(CCLaP publishes mini-reviews of both books and movies on a regular basis, none lasting more than a few hundred words. A full list of CCLaP's book-based mini-reviews can be found on its main book page, and movies on the main movie page.)
The Barcelona Brothers
By Carlos Zanon
Carlos Zanon's new The Barcelona Brothers is a fascinating update of a traditional literary genre; specifically, it's a slow-moving, character-heavy noir, but set within the dark rainbow of the lowlife people of color who populate the poor sections of urban southern Europe, in this case the barrios that ring the tourist-friendly Spanish city of Barcelona. As such, then, the point is not really the minimalist plot on display, even with the clever nature of revealing this plot (a man beats a friend to death in a bar with a hammer in the first five pages then flees, his brother traveling through the poor sections of the city trying to find him, with the rest of the book slowly revealing why the act of violence took place), but rather to wallow in the sophisticated world-building that Zanon does here, a surprisingly leisurely and very literary look at the pockets of EU urban desperation that most Europeans would prefer you never think about. Powerful in a roundabout way, but rough around the edges like any good noir should be, it comes recommended to fans of Raymond Carver who are looking for a smart update of what by now can sometimes be some pretty cliched tropes.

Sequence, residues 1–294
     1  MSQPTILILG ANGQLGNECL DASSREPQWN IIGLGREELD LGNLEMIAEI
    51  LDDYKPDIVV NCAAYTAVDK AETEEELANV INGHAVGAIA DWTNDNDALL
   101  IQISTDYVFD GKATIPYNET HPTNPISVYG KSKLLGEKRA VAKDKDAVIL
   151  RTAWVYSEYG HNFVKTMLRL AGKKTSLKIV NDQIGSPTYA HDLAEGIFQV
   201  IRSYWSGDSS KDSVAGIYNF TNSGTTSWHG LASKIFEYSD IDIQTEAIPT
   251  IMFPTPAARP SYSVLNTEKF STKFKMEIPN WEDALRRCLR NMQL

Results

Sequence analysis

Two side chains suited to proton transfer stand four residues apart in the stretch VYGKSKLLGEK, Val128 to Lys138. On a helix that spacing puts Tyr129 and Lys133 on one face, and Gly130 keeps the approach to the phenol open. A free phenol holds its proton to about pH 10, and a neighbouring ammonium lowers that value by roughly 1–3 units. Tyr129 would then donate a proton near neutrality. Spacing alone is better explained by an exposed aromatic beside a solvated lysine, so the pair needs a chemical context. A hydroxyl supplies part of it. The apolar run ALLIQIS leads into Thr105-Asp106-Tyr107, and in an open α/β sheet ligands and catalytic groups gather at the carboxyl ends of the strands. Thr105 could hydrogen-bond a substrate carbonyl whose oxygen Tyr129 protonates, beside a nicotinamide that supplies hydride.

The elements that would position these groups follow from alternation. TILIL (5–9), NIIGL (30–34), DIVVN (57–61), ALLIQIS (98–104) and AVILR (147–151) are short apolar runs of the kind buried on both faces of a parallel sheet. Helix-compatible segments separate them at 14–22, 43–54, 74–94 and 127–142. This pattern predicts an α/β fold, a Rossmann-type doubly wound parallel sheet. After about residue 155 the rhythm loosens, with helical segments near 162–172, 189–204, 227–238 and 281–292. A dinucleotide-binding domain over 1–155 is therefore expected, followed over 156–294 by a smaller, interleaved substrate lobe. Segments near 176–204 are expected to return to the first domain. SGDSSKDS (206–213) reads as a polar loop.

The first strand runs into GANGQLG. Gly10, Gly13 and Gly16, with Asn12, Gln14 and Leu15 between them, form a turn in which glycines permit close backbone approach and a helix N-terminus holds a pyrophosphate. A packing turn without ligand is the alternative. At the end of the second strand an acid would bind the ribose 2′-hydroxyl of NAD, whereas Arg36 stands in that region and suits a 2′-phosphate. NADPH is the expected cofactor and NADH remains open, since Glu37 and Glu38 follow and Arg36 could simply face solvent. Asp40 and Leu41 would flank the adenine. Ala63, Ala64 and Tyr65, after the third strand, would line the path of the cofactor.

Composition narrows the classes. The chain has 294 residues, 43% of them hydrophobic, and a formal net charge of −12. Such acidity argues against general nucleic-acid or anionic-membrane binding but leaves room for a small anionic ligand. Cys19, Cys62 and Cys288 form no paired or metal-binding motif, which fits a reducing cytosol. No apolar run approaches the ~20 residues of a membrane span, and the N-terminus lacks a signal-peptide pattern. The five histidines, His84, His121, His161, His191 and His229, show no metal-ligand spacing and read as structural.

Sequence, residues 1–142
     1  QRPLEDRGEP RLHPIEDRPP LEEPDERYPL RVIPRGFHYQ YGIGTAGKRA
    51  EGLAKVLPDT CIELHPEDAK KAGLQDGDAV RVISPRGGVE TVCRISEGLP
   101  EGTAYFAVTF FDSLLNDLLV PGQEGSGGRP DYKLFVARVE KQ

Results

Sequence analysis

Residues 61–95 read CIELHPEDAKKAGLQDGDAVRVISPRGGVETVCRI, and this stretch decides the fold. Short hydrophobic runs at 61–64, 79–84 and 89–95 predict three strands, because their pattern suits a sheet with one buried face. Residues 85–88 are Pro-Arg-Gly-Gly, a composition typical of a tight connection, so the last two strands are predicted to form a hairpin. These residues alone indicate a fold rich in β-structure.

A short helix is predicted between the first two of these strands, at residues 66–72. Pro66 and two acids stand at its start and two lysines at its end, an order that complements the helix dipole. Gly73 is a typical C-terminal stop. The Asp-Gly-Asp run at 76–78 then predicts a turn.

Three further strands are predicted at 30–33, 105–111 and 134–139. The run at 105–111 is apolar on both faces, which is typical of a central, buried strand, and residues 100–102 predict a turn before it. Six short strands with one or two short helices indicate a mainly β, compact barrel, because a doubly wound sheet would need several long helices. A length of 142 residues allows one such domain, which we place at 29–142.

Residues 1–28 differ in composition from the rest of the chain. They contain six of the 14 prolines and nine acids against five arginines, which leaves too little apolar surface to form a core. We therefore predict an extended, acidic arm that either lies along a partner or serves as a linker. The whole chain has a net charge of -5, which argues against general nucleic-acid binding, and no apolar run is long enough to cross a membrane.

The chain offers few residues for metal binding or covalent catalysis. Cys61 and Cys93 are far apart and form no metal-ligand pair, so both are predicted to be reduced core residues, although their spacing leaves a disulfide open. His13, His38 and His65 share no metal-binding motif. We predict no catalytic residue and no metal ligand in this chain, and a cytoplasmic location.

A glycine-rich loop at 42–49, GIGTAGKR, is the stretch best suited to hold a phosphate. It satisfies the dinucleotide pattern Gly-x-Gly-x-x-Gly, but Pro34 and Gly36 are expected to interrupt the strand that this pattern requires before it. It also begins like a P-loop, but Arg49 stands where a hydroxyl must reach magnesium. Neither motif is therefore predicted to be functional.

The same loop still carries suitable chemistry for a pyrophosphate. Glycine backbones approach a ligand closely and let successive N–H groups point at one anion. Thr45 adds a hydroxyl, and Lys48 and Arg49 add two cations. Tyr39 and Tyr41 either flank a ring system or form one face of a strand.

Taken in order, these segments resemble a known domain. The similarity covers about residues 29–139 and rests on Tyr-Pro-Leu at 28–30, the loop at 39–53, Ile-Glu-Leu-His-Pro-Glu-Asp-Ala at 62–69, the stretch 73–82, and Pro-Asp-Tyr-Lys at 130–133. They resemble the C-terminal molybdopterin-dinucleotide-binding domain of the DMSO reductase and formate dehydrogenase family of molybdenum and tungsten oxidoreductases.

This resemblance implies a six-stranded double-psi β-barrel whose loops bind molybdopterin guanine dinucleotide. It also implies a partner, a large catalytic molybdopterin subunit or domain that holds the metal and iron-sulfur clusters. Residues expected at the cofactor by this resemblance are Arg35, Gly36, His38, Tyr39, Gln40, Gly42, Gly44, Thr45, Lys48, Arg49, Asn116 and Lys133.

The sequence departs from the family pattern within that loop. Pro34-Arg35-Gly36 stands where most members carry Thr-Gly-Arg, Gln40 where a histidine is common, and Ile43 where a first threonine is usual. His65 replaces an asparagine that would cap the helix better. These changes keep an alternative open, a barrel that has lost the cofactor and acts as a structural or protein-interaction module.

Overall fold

Out of 10: 8.9